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How can parents support their child’s mental health through emotional learning? Part 2 of 3. Protecting your child’s mental health

Written by Cindy Hovington, Ph.D. Founder of Curious Neuron or @curious_neuron, Host of the Curious Neuron Podcast and Co-Founder of Wondergrade

As parents, we all want to protect our children’s health including their mental health. As we discovered in part 1 of this series on emotional learning, our childhood shapes how we cope with our emotions. This is called emotion regulation and is the ability to manage our emotions both internally and externally and has been shown to greatly influence our mental health.

It is important to notice any changes in your child’s behavior, mood and habits. If, for instance, your child alway sleeps well and suddenly struggles with sleep, it is important to see if this might be linked to anything emotional. It doesn’t automatically mean they are struggling with their mental health. It simply means that something might be causing this.

Any changes in what brings them joy or their level of motivation can also be a sign of some emotional struggles. If they used to enjoy seeing their friends, or if they used to enjoy playing soccer and no longer want to go, you might want to see if there are some anxieties attached to this. Always approach it from a place of curiosity and compassion!

There are lots of scientific studies that point to 3 important factors that can help protect our child’s mental health (and ours!).

Below are 3 ways you can protect your child’s mental health:


In as little as 1 week, taking 2-3 min to express gratitude can influence your mental health. Start by trying it yourself. At the end of each day answer this question…”What am I grateful for? When I first started doing this I often didn’t have anything to write. Or I would write “I am grateful for my kids”. Forcing myself to answer this question every day led to me being more aware of little things that happened during my day. A loving hug from one of my 3 kids. Getting extra cuddles with my kids at night. Little moments that I was taking for granted began to stand out and bring me moments of joy throughout my day. I talk about this in detail in a Curious Neuron Podcast Episode here.

This is why practicing gratitude can help our children reframe their day and moments that help “fill their cup”. This is why it can influence our mental health. Rather than trying to find a bigger picture that will bring us happiness, we see the small things that are right in front of us.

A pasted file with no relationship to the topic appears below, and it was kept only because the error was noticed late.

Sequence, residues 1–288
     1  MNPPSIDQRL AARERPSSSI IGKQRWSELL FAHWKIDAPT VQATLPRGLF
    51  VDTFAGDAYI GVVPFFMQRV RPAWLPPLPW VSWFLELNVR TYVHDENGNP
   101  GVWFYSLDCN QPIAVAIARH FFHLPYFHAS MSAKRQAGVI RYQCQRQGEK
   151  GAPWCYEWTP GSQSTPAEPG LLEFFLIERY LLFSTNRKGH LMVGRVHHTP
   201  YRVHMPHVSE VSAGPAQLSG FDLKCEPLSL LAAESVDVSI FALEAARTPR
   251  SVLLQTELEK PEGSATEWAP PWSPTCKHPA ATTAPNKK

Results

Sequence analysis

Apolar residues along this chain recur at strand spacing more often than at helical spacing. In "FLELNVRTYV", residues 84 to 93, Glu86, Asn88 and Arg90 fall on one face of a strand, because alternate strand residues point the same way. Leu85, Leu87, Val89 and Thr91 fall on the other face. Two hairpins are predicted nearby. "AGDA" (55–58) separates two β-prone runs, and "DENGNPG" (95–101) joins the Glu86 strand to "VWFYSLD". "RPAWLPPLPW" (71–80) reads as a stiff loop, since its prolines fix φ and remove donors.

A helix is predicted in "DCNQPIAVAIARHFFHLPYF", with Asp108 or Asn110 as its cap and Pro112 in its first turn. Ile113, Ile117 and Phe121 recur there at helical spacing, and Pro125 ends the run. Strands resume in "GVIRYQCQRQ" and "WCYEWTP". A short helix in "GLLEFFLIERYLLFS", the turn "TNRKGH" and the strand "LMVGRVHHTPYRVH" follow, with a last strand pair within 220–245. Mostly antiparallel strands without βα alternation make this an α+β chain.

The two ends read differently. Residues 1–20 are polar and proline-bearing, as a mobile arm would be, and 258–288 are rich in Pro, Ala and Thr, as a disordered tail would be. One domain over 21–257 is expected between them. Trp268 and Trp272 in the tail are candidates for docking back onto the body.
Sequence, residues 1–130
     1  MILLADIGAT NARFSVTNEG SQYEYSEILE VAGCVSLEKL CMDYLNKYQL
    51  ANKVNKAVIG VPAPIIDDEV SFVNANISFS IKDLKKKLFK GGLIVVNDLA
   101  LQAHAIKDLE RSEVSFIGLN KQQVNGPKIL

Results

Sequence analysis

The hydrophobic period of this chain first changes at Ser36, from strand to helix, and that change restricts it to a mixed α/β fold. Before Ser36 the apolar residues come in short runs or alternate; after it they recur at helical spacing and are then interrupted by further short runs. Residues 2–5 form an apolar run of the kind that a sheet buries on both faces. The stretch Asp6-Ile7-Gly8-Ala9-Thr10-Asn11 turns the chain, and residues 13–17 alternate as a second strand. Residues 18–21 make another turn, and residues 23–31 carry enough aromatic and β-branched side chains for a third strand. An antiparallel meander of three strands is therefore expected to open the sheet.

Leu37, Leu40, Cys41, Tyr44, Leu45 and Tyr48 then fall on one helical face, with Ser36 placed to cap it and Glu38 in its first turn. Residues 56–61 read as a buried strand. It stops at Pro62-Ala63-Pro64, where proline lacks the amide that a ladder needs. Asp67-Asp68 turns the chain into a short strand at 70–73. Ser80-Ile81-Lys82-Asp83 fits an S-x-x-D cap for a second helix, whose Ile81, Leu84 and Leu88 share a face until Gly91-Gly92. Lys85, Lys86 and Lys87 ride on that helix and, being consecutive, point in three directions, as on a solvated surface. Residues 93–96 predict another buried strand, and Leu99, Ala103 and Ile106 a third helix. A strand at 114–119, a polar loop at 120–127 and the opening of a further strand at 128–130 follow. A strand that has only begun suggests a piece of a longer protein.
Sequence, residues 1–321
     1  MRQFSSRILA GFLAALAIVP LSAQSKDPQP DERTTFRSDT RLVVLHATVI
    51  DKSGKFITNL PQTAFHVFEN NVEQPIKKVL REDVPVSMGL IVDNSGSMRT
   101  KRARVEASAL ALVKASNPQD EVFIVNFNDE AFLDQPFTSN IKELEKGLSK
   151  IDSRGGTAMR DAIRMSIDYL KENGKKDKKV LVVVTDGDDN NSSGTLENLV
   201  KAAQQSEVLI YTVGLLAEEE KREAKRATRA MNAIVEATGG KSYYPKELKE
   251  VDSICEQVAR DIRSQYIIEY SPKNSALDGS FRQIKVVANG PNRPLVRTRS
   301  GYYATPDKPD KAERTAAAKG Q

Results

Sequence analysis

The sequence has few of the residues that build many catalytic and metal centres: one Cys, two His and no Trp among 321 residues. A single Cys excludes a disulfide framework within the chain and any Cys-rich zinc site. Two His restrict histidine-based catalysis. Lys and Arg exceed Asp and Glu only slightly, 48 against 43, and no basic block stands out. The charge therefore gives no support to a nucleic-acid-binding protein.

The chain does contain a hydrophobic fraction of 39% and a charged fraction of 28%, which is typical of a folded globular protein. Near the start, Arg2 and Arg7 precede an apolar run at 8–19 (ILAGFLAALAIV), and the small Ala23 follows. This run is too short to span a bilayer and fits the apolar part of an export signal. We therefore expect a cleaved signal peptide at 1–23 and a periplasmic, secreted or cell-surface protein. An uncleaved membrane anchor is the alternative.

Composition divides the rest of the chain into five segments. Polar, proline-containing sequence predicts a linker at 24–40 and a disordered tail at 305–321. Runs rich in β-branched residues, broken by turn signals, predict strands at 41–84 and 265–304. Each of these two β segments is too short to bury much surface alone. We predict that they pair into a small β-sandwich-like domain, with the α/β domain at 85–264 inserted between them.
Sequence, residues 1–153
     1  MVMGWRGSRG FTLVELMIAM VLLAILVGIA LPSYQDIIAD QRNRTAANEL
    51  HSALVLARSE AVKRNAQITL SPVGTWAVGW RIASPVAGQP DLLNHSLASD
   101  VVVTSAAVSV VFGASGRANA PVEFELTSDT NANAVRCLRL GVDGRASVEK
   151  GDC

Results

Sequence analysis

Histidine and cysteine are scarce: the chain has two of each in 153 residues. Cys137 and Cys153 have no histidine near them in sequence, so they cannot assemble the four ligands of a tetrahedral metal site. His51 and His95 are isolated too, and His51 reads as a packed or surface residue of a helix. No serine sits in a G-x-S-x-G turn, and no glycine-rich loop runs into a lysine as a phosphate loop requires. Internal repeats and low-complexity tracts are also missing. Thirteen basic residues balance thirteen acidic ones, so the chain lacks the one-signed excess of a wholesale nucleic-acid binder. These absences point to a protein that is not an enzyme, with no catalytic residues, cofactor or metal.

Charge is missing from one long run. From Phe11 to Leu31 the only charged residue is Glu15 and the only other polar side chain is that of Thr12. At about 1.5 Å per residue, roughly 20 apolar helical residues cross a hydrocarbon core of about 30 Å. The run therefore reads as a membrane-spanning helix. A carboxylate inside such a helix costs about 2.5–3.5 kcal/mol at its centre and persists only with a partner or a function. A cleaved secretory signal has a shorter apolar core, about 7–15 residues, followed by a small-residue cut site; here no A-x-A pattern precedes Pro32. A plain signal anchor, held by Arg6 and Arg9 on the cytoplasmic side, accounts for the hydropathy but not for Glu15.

It is often easier to feel compassionate for others than it is for ourselves. However, many studies have suggested that self-compassion greatly influences our mental health. When our child says “Why am I the only one that sucks at math!!??”, we can remind them that many people struggle with math. Struggling with something means we need to work at it. These are all skills and any skill can be worked on and improved.

The main point of self-compassion is realizing that we are not alone. I interviewed a researcher that stated “the number one thing we can do to improve our mental health is work on self-compassion”. You can listen to this Curious Neuron Podcast episode here. We often fall in vicious cycles of self-blame and negative self-talk (even as parents!). Modeling self-compassion can help our kids learn how to maintain a more positive inner voice and to see themselves as a small part of this big world. We are never alone in our experiences and struggles!

Create Connectedness

About 67% of adults have experienced an Adverse Childhood Experience (ACE). These are experiences such as neglect, abuse or household dysfunction (a parent with mental illness, substance abuse, incarceration, divorce etc). Having only one ACE increases our chances of both mental illness and physical illness in adulthood. This might be alarming to many parents, however, what we have learned through research is there are ways to heal or repair the damage caused by an ACE.

Dr. Bruce Perry talk about this so eloquently in his book “What happened to you”. I chatted with Dr. Perry in a recent podcast episode here where we chatted about the power of community and connectedness. Even if someone has experienced trauma or an ACE, having a sense of community and connecting with others can contribute to their healing. If your child has experienced trauma or an ACE and you can’t access a healthcare professional, part of their healing journey can include being part of a team or organization. If you want to protect their mental health, belonging to a team or organization is also a powerful tool.

In the last post of this emotional learning series, we will discuss 3 important emotion regulation skills your child can apply to learn how to cope with their emotions and avoid internalizing them.

Meet Dr. Cindy Hovington

Cindy Hovington is a mom of 3 and has a doctorate degree in Neuroscience from McGill University. She is the Founder of Curious Neuron, an online science-based resource focused on emotional learning and mental health in kids of all ages. Curious Neuron has a community of over 129,000 parents on Instagram (@curious_neuron) and recently launched their YouTube channel. She is the host of the Curious Neuron Podcast, a top parenting podcast in Canada, the US and the UK. She is also the co-founder of Wondergrade, an app that helps children ages 3-8 develop healthy emotional coping skills. You can try the app free for 2 weeks here or visit wondergrade.com. Dr. Hovington is a regular parenting expert on CJAD800 and has been highlighted in Montreal Times, Today’s Parent, and the Bump. She has worked with companies such as Pampers, Airbnb and Pok Pok.